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Understanding How to Use a Support and Resistance Forex Trading Strategy

In the forex arena, those traders who adopt a technical analysis method, through a platform like FxPro, operate by using charts and graphs to forecast future currency prices based on previous market movements. The manner in which this works means that forex movements are, in large part, a self-fulfilling prophecy: so many traders adopt this strategy, and make their movements based on how others are trading, that they mirror each other’s actions, and this is reflected in real market movement. Thus, technical analysis is validated, and more and more people flock to it.

If you are one of the method’s many adherents, it’s important to understand how to utilise this analysis to your benefit, and you cannot do so without first understanding the concepts of ‘support’ and ‘resistance’.

Support and Resistance

 Arguably the most effective, and thus the most popular, form of technical analysis is support and resistance. The concept is relatively simple to understand. ‘Support’ is the ‘floor’ or lower boundary that a currency pair struggles to breach. ‘Resistance’ is its opposite: the upper boundary equivalent.

These concepts are very important to understand, as support and resistance are the points at which the market will usually change direction. You should always be aware of them, as if a pair exceeds or falls below one of these points it usually leads to frenetic activity within the market. This phenomenon is known as a ‘breakout’.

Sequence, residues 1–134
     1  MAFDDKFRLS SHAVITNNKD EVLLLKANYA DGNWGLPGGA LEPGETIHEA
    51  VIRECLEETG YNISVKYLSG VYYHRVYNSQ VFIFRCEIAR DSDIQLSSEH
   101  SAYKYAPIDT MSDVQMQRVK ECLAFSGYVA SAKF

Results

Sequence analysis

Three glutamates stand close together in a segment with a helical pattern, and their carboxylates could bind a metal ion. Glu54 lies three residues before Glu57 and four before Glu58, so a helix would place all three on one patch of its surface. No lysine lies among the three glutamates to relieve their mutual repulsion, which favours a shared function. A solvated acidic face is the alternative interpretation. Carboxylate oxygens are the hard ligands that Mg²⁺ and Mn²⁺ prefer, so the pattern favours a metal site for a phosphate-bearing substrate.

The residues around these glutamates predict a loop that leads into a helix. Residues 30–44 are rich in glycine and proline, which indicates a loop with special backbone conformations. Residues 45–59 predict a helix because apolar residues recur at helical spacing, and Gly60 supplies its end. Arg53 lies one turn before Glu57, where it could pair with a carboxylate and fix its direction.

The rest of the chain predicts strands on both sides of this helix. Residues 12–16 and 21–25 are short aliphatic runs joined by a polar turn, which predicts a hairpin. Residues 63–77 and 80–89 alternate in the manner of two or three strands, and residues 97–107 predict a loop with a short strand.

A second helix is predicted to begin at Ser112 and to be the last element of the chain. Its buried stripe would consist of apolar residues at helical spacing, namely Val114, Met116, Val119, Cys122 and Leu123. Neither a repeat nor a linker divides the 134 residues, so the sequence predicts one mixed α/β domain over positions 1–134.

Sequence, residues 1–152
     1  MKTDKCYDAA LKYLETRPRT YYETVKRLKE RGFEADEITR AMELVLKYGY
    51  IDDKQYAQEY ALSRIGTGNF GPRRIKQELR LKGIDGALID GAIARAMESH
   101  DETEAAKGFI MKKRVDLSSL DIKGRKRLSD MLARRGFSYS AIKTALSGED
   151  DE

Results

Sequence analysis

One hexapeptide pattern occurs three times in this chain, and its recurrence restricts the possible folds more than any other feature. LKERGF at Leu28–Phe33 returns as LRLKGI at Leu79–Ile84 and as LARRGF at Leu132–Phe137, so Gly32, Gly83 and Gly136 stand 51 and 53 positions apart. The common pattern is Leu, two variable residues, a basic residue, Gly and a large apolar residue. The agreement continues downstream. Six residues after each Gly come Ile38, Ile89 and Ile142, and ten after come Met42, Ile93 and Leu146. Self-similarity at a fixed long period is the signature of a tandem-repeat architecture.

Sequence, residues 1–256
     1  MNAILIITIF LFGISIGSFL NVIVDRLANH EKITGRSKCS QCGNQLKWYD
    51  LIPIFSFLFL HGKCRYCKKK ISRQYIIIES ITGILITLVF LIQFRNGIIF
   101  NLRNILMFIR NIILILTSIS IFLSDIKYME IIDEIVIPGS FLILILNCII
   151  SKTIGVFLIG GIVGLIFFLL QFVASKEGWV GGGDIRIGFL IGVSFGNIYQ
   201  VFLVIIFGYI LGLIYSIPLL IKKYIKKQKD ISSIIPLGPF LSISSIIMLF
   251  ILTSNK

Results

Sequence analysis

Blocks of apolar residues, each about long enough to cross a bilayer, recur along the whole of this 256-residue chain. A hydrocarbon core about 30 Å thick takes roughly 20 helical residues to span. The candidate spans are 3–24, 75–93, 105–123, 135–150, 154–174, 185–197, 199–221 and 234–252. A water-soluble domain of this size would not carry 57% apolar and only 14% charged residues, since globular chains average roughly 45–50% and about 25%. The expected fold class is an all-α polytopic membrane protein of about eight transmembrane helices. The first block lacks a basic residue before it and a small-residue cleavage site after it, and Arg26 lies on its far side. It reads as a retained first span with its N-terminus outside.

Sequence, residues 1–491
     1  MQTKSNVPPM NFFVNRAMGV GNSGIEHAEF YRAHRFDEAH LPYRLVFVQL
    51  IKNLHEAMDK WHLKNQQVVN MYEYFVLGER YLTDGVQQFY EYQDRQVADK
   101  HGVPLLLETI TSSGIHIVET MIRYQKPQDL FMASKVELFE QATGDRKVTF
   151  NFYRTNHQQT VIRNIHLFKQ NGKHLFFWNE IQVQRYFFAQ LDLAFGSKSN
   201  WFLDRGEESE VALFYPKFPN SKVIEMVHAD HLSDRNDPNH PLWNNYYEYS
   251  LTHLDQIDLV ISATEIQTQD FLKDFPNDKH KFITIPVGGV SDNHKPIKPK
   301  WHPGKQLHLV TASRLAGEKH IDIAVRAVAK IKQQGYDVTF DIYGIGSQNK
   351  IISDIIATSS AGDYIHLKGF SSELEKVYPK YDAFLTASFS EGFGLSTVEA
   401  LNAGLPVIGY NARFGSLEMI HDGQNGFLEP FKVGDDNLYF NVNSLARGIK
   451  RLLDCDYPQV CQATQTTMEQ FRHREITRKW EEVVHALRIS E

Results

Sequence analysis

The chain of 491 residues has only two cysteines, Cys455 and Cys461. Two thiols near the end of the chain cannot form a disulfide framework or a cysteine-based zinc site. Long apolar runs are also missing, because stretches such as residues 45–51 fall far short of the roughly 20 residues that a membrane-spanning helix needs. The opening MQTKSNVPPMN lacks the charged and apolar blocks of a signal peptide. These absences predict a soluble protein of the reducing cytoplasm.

How Can You Use Support and Resistance to Inform Your Trades?

 Support and resistance, although perhaps interesting, would be of very little relevance to us, of course, if we couldn’t use them to inform our trades. This can be done in a number of ways. Depending upon their personal approach, those who use these concepts to develop their strategy are known as either range traders or trend traders.

Range traders use support and resistance to guide when they buy and sell: when the price exceeds support, they purchase a currency pair; when it falls below resistance, they sell.

Trend traders are the polar opposite: they make purchases only when the price rises above the level of resistance; and sell when it falls below the level of support.


Despite their differing methods, the object is always the same: to make a profit on trades. Thus, purchases are made if an increase in the price of a currency pair is foreseen. Alternatively, pairs are sold when it looks as if their value will fall, to be bought again at a lower price.